Playing with a doll or an excavator?: Girls and boys fall into the cliché trap early on

Wild, loud, demanding - typically young! Well-behaved, quiet and reserved - typical girls! For real? There are of course genetic and congenital differences.

Playing with a doll or an excavator?: Girls and boys fall into the cliché trap early on

Wild, loud, demanding - typically young! Well-behaved, quiet and reserved - typical girls! For real? There are of course genetic and congenital differences. But parents and grandparents often educate according to gender and thus reinforce the role clichés - often unconsciously.

Quiet and peaceful or loud and excited: girls and boys make themselves known differently even as babies. The hormones are to blame, according to behavioral researchers. But the upbringing or the expectations that one has of the respective gender also influence children - and this from a very early age.

The fact is, genetics and behavior cannot be separated. "By nature" behaves no girl and no boy. A lot of what differentiates women and men can be traced back to the first years of life. They shape how children identify with their gender and what role clichés they adopt.

An attempt to decode seven typical behavior patterns:

1. Wild boys, good girls

Even as babies, many boys behave louder and more demanding than girls. The reason for this is the sex hormone testosterone. "The amount is significantly higher after birth than in girls," says Reinhard Winter, gender researcher at the Social Science Institute in Tübingen. This ensures that the genitals develop according to biological sex. During the first year of life, testosterone levels drop again. Still, boys often remain the more impulsive, active kids.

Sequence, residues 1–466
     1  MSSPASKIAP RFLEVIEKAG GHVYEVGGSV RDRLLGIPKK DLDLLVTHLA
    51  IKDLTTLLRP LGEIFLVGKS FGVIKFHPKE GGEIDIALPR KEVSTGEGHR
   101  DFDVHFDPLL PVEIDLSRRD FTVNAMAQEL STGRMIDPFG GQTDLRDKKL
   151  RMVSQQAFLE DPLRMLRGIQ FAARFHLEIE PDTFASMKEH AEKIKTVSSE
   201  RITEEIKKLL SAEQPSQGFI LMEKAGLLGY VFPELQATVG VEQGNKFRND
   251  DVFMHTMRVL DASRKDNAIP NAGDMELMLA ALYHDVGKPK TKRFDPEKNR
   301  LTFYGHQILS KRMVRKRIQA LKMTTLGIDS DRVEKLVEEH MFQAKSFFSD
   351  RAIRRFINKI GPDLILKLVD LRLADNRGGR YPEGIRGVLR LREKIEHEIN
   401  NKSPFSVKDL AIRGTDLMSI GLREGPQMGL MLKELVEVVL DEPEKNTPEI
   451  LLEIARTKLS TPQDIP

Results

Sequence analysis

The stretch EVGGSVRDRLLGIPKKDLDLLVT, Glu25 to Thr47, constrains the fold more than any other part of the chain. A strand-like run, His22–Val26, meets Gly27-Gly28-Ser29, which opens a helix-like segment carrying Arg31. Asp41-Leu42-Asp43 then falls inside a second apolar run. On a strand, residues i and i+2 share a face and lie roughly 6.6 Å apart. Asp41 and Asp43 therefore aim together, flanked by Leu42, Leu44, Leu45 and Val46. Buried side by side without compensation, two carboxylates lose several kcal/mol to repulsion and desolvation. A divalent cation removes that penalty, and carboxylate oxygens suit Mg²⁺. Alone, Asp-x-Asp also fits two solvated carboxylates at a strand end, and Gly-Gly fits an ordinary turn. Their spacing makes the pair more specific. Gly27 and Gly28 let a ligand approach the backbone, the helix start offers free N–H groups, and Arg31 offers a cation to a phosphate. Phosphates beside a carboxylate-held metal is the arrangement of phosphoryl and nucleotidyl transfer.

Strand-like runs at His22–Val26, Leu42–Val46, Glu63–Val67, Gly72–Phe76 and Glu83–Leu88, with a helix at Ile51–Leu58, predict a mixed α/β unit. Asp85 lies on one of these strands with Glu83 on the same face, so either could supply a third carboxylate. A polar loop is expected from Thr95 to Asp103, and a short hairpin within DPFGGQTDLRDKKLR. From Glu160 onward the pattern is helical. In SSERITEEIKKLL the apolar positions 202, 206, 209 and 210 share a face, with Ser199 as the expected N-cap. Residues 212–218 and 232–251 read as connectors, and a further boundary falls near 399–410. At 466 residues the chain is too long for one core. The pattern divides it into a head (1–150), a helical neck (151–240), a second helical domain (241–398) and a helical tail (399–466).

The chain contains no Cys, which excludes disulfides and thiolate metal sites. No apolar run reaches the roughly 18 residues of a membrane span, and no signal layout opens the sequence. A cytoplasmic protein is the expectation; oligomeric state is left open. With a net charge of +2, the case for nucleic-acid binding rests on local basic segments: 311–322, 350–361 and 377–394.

In addition to innate differences, from birth comes upbringing. "Many parents raise their children according to gender, as they expect," says Winter. If a boy shows his strength and is positively acknowledged for it, he wants more from the experience. This works for girls too. Only: "Girls can regulate the impulse control faster. They are then automatically the more reasonable."

2. Doll mommy and excavator driver

From the age of one, girls grab dolls and boys grab vehicles. "You can play in a much more differentiated way with a doll and a suitcase," says Gabriele Haug-Schnabel, who runs the "Human Behavioral Biology Research Group" institute.

For boys who drive back and forth in cars, play is often limited. Boy expert Winter recommends expanding the game: "Then there are not only cars that collide, but also a hospital where the injured drivers are healed until they come home and cook together," he says.

3. Girls do handicrafts, boys shoot balls

There are also differences in sports and creative exercises: boys are more interested in climbing, football and body-oriented games. Girls love to design creative things with craft scissors. "This increases until school age, when gender stereotypes are promoted," says child and adolescent psychotherapist Inés Brock from Halle (Saale).

In kindergarten, when the little ones make their first group experiences, alternative offers are important. This is how both train their weak points. To ensure that play areas are exciting for both sexes, behavioral biologist Haug-Schnabel recommends adding them. "For example, combine the woodwork with decoration, letters and numbers," she says.

4. Like father, like son